The US$4.7-billion deal to take BlackBerry private is dead. The company’s attempts to find buyers failed. And despite a cash injection from Fairfax Financial Holdings and other unnamed parties, the company’s future is more uncertain than ever.
The company’s strategic review, launched in August, resulted in months of frenzied rumours about potential bidders, ranging from co-founders Mike Lazaridis and Doug Fregin to Facebook, and it ultimately turned up no worthwhile offers. Fairfax, led by renowned investor Prem Watsa, also nixed its proposal to take BlackBerry private at $9 per share. Instead, it will lead a $1-billion investment through convertible debentures. Fairfax is kicking in $250 million; the other investors have not been named. Watsa is returning to BlackBerry’s board as lead director, and CEO Thorsten Heins is out. John Chen, former head of enterprise-software and services company Sybase, will serve as interim CEO.
When Fairfax’s initial transaction was announced in September, the company hadn’t yet secured financing. The fact that Fairfax, which owns a 9.9% stake in BlackBerry, is changing directions suggests it couldn’t find others willing to participate. “The outcome was always dependent on Prem Watsa and Fairfax’s ability to be good salespeople,” says James Faucette, an analyst at Pacific Crest Securities. “They weren’t as successful as they thought they could be.”
Watsa, in subsequent interviews, denied he couldn’t find partners, saying Fairfax decided it wasn’t wise to saddle BlackBerry with high-yield debt after completing due diligence. It is unclear, however, what exactly Fairfax learned about the deeply troubled company it didn’t already know when putting together the proposal.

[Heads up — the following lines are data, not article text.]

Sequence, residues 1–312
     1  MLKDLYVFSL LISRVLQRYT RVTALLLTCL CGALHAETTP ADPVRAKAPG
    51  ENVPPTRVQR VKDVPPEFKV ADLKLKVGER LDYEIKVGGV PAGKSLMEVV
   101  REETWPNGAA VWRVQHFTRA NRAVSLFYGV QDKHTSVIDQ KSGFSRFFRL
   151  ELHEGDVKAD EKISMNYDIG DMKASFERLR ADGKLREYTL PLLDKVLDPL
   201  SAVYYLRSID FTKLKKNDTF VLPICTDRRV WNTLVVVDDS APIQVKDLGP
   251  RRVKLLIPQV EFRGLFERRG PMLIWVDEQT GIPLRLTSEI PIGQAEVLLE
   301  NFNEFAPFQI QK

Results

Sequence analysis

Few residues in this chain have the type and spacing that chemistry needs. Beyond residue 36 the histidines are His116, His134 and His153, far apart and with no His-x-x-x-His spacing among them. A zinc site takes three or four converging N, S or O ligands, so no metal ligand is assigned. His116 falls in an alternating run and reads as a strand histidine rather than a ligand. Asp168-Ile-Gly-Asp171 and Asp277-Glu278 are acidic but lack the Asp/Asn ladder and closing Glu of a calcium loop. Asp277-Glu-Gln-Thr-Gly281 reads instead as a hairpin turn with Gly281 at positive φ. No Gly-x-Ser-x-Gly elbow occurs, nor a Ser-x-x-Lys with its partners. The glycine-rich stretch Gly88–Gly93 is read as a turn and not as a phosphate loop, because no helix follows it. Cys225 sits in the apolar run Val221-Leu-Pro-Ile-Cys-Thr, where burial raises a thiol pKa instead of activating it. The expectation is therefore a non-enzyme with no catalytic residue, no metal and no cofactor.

Watsa’s additional investment is actually a fairly cautious one with limited downside. Fairfax will receive a 6% coupon on its $250 million investment, and if the company’s share price hits $10 (it’s under $7 now) the debt can be converted to equity. Even in the worst-case scenario—bankruptcy—Watsa is well positioned to be compensated.
The big question now is why BlackBerry’s board believes a new CEO will be any better at trying to reverse its decline, especially after writing down nearly $1 billion in inventory and reporting a $965-million loss last quarter. The appointment of Chen, who has an enterprise background, suggests the company will focus even more heavily on producing smartphones and offering services to its core group of business users.
But if that was a difficult job before, it’s even tougher now. “It’s bad for BlackBerry if they have to stay public,” says Mike Genovese, an analyst at MKM Partners. Going private would have allowed the firm to make changes without the demands placed upon publicly traded companies, away from the scrutiny of the media and investors. As well, the lack of interest from buyers signals there is little faith in BlackBerry’s future. What corporation would want to buy new BlackBerry products and services when there is so much uncertainty around the company?
The cash injection gives BlackBerry more time to work through these problems, but perhaps not much. As of last quarter, it still had $2.6 billion in cash on its balance sheet. Heins, though he couldn’t turn the company around, was nonetheless adept at cutting costs and finding money. The concern remains that the more its business deteriorates, the faster it will burn through its remaining funds. As a result, Faucette expects further layoffs at BlackBerry on top of the 40% reduction in its workforce already announced in September. “There is no more money after this,” he says. “They’ve got to make this last not just a couple of quarters, but forever, until they can turn the company around.”